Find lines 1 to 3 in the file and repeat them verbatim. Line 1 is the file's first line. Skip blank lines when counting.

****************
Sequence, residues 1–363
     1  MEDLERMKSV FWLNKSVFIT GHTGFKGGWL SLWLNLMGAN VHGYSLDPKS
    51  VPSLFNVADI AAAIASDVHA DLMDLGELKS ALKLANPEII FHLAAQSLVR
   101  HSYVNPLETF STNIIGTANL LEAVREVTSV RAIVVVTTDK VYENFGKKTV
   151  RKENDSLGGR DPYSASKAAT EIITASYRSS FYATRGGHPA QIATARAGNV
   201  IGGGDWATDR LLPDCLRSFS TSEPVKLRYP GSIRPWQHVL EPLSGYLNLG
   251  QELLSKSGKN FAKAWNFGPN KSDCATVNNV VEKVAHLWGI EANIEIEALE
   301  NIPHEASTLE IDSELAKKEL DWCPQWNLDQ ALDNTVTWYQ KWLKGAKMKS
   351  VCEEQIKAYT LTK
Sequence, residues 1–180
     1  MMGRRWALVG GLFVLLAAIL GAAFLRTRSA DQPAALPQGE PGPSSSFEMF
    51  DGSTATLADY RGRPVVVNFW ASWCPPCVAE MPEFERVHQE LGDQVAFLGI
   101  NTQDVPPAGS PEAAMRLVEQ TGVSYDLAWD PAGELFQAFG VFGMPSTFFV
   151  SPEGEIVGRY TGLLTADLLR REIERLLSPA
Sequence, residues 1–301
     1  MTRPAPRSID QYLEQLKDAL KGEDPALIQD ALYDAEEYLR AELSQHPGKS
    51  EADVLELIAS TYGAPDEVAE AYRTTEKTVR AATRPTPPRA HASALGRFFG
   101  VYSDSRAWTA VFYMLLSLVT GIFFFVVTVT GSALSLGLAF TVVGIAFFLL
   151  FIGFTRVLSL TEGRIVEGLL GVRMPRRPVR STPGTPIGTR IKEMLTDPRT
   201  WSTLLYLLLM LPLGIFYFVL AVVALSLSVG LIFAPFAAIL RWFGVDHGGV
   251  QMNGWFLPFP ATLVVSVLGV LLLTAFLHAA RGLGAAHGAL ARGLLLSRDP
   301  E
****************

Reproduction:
Sequence, residues 1–363
     1  MEDLERMKSV FWLNKSVFIT GHTGFKGGWL SLWLNLMGAN VHGYSLDPKS
    51  VPSLFNVADI AAAIASDVHA DLMDLGELKS ALKLANPEII FHLAAQSLVR